BOSTON In less than two weeks the Isabella Stewart Gardner Museum will unveil its ambitious $180 million extension project. Between then and now construction workers and museum staff will work long hours, down to the wire, both outside and inside the gleaming glass and steel structure.
The 70,000-square-foot building doubles the size of the original museum and was designed by Italian architect Renzo Piano. It’s situated just 50 feet away from the Gardner’s historic palace. Dozens of freshly planted trees and shrubs fill the earthy space between the old and new buildings. A glass-enclosed walkway links the museum’s past with its present.
Standing in the airy, contemporary foyer on Thursday — flanked by the Gardner’s new cafe, museum shop and “Living Room” — Museum Director Anne Hawley predicted, “I think some people will like it and some people won’t.”
Of course that’s to be expected, she mused, as with any work of art. But Hawley is visibly pleased with the outcome. At this moment, though, she was focusing on a long list of tasks at hand.
“Names are going up on the donor wall, there are hundreds of details that we’re addressing right now,” she explained. “And I think probably will continue to address after we open.”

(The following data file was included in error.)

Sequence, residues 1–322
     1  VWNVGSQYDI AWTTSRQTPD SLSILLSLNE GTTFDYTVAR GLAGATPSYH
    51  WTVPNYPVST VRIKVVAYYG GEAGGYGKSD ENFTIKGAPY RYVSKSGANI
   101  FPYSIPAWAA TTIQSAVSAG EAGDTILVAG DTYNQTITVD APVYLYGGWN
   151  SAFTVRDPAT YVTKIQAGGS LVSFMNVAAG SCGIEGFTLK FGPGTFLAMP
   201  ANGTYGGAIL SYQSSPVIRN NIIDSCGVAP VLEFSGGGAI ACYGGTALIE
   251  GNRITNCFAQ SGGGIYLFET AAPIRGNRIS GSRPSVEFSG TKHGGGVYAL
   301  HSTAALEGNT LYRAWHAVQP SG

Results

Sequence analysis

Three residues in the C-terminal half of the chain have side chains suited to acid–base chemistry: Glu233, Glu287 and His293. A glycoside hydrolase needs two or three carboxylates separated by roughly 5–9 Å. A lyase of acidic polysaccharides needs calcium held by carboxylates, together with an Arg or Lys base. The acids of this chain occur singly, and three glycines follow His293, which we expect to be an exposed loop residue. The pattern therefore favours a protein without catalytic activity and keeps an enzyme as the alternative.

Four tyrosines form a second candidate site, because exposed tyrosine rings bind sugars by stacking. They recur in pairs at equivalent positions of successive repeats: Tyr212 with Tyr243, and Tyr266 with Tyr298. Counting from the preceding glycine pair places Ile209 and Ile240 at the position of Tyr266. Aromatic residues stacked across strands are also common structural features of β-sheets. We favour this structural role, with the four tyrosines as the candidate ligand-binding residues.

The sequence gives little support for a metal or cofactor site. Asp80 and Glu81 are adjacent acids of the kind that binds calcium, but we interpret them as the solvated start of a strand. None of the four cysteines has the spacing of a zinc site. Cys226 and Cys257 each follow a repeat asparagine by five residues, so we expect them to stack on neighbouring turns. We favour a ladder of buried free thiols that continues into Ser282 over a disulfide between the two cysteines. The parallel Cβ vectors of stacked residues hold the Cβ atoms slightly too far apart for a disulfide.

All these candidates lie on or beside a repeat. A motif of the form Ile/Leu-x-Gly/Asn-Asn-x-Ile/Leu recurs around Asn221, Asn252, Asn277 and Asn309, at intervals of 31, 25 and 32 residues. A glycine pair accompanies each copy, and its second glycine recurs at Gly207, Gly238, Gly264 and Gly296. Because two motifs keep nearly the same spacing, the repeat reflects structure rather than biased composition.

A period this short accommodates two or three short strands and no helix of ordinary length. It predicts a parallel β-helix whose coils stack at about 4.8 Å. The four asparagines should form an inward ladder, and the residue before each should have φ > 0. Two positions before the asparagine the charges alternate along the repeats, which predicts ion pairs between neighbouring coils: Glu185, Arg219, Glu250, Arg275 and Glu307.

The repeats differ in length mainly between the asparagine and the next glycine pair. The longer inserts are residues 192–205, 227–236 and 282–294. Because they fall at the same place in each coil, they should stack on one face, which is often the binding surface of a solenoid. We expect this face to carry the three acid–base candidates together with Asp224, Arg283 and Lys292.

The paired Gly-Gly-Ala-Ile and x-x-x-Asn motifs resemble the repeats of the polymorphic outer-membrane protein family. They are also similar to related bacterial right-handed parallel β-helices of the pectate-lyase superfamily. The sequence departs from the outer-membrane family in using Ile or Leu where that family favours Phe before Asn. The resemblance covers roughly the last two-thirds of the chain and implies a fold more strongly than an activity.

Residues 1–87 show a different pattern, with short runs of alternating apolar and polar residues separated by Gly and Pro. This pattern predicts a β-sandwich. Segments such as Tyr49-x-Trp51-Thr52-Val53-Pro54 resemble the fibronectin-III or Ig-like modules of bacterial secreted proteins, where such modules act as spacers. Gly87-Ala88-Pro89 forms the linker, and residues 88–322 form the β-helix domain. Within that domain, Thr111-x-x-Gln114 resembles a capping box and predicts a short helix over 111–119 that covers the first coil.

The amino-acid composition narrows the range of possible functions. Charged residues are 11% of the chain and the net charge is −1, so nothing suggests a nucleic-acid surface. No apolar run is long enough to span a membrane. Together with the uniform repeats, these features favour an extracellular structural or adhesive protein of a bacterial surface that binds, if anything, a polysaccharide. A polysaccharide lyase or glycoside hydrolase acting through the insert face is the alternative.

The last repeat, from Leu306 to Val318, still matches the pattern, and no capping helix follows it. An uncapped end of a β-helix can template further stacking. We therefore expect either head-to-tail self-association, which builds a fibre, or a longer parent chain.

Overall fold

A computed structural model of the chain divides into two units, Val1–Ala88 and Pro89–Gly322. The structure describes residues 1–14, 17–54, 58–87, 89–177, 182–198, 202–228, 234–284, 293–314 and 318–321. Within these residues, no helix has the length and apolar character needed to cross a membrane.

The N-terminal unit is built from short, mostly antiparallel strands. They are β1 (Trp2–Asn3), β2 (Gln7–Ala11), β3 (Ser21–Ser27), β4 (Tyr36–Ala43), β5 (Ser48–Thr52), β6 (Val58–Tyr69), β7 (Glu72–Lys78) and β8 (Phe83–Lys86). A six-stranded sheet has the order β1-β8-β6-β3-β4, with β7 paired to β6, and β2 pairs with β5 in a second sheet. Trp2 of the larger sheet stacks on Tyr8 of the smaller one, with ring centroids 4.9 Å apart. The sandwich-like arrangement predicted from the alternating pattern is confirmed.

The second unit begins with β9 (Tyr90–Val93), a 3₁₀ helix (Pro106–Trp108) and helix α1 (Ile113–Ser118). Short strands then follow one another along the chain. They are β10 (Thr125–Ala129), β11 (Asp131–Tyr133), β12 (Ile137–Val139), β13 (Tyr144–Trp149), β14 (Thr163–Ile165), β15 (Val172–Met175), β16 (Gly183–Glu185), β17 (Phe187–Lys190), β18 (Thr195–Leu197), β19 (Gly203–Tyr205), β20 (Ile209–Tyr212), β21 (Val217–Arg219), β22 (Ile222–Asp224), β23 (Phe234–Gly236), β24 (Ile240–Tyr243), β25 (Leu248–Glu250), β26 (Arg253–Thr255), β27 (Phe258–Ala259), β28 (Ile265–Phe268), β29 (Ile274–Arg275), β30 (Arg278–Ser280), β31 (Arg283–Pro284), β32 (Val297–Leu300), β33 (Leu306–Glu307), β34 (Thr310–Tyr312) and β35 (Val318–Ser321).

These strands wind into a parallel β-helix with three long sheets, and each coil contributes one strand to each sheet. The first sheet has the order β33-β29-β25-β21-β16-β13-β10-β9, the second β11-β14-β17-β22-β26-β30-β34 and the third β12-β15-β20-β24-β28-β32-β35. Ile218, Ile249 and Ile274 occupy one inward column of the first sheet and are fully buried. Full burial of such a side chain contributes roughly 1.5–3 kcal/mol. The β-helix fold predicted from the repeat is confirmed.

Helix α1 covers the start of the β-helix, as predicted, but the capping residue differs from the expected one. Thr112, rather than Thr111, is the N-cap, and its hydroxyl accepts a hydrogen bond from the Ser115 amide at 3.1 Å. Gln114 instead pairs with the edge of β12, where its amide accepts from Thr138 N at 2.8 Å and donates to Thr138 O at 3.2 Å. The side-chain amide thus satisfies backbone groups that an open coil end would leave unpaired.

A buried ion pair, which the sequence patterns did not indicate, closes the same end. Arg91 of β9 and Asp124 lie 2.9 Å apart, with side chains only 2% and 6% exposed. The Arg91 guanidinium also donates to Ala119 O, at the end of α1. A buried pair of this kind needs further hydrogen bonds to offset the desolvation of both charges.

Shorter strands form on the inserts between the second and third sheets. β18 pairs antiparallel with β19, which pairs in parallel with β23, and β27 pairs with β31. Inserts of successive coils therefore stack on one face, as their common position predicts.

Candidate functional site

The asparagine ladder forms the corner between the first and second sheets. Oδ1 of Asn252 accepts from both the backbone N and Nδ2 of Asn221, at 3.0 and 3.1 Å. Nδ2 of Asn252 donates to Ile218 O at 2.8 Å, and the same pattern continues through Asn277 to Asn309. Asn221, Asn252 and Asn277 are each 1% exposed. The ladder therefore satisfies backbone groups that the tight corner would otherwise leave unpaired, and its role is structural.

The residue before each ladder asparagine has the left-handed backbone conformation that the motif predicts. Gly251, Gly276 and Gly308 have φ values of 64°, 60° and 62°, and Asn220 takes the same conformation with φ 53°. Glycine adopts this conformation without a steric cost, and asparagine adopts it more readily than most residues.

The “new” Gardner museum opens to the public on Jan. 19. The institution has been closed since mid-November to get ready for the much-anticipated debut.
The four-story building also features a new conservation lab (where climate control is still being tweaked), an acoustically pristine music hall (the first performance is opening day), a sun-drenched green house (for the Gardner’s gardener Stan Kozak) and well-lit classrooms for art education. Hawley reminds me how each of these elements was created to alleviate stress on Gardner’s original museum.
The Venetian-style palazzo has been undergoing painstaking conservation as well — most notably in the Tapestry Room.
As we walked upstairs to see the changes, Hawley and I passed through the museum’s famously lush indoor courtyard. This week the ornate mosaic at its center will be thoroughly cleaned, she explained, along with most everything else in the palace. “It will get done!” she pronounced.
The 4,000-square-foot Tapestry Room has played the role of performance space since the 1970s, but the expansion project — with its impressive new concert space — has enabled conservators to revert the grand hall back to its former, spacious glory. A fireplace that hid for years behind a stage is now visible and very much reborn.
The Tapestry Room’s transformation will be highlighted during the museum’s opening celebrations. Hawley said it symbolizes how the new building’s construction has indeed succeeded in breathing life into Ms. Gardner’s much-loved original creation.